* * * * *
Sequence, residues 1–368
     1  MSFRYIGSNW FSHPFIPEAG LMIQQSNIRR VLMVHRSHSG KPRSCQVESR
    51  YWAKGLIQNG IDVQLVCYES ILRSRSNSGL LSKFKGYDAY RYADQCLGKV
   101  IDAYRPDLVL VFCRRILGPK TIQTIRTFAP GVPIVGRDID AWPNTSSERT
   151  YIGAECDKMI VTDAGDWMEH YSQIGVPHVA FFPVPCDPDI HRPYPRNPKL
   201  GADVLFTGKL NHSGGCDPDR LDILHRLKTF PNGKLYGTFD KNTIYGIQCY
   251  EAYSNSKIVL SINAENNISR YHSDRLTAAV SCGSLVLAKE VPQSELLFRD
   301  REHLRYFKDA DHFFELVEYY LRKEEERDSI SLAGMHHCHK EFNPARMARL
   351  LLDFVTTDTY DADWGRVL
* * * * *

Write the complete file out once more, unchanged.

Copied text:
Sequence, residues 1–368
     1  MSFRYIGSNW FSHPFIPEAG LMIQQSNIRR VLMVHRSHSG KPRSCQVESR
    51  YWAKGLIQNG IDVQLVCYES ILRSRSNSGL LSKFKGYDAY RYADQCLGKV
   101  IDAYRPDLVL VFCRRILGPK TIQTIRTFAP GVPIVGRDID AWPNTSSERT
   151  YIGAECDKMI VTDAGDWMEH YSQIGVPHVA FFPVPCDPDI HRPYPRNPKL
   201  GADVLFTGKL NHSGGCDPDR LDILHRLKTF PNGKLYGTFD KNTIYGIQCY
   251  EAYSNSKIVL SINAENNISR YHSDRLTAAV SCGSLVLAKE VPQSELLFRD
   301  REHLRYFKDA DHFFELVEYY LRKEEERDSI SLAGMHHCHK EFNPARMARL
   351  LLDFVTTDTY DADWGRVL